hat the would arrive on the midnight train Sat
urday, created quite an excitement and hun
dreds of people t ironged the depot long before
the tra n was uue, in the nop or catching a
g'irapseofth mon their arrival.
The condemned men in charge of two deputy
sheriffs alighted on the south side of the train
and were escorted to the jail followed by a cu
rious crowd. -
A Bazoo representative had a brief conversa
tion with the murderers atter they had been
lockel up, they being placed on opposite sides
of the jail,
Charlie was quie communicative and safd tint
he had been given a fir trial and expected to
meet hi? fate like a man when the time came.
He said that he telt tha he wa not guilty of
murder as he had been lead into the commission
of the terrible deed by Aultman ali.ts Billie
Hamilton, and th it he was satisfied nehad the
sympathy of the better class of people in War
rcusburg. He stated tint Aultman bad ad led
to his t rrible crime the sin of perjorv, the state
ment made by hira on the witness stand to the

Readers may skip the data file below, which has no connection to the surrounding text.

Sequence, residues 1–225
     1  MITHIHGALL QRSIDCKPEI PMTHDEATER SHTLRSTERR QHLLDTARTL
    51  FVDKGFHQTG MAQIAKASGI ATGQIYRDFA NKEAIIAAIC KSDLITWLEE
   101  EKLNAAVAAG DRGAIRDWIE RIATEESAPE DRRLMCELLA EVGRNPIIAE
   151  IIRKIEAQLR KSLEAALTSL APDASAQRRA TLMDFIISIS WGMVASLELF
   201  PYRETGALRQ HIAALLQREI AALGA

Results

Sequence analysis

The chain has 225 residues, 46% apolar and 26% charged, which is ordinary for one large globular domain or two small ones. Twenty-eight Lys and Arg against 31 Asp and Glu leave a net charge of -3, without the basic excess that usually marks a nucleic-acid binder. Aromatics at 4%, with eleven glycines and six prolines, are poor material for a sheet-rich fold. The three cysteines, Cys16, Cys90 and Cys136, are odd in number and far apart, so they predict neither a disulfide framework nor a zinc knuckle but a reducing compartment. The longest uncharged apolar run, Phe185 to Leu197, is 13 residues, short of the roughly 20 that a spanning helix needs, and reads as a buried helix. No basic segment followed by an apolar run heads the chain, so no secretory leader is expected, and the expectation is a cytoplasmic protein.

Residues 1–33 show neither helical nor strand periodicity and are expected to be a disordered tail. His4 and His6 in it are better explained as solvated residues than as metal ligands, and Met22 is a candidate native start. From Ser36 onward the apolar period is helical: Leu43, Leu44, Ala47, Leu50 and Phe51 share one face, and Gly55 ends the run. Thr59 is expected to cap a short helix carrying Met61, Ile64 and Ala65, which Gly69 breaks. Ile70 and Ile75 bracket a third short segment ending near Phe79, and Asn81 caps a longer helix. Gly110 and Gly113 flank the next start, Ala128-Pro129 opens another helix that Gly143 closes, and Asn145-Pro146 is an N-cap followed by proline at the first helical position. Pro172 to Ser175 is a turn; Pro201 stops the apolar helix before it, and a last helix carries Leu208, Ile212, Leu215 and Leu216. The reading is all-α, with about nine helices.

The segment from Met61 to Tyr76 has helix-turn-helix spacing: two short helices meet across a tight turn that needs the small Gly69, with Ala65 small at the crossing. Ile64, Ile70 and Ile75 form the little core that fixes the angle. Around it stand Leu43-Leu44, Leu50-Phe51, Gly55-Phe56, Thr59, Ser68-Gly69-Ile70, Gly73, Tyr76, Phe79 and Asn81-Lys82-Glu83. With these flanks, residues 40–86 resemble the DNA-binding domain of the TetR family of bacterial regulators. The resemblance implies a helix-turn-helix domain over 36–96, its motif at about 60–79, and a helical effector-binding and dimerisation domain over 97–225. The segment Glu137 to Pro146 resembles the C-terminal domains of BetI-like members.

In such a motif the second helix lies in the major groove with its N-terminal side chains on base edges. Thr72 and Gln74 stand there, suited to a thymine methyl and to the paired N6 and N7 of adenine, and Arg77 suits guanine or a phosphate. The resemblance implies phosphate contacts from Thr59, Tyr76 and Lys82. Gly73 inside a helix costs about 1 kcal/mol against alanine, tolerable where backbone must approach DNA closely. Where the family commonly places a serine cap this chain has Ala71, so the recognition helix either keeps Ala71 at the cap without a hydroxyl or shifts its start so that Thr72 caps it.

effect that be bad ' hoked Steidle to aea'h by his
(Chirlic's) command and whi'e covered with
his revolver biug abso utely fal-e.
Wr en asked if lie had be n visits by any cler
gyman Ot'bnd made any profession of religion,
he replied in the negative, but added that he
had been visited bysome kmd ladies and inti
mited that he would, in time, make a profession
of religion.
In answer to the question if be had any hope
of a reprieve or cimmutation of h s sentence
he re died that he had requested his attorney
to take his case to thesupremc court and sup
poscl that he would do so.
Btllic Hamilton, alias Ed Aultminwas cal'ed
on but said that he had no statement to make as
he was worn out. He invited the reporter, how
ever, to ca 1 on him thi3 mo ning, at whlca time
he desires to make a statement,
WHAT WILLIA3I SAYS.
According to promise the next day the Bazoo
reporter catl d upon Billie Ha nilton aliis Ed.
Aultman, at the county jail. Both of the mur
derers jere asleep, bur Billie suee HI r arose to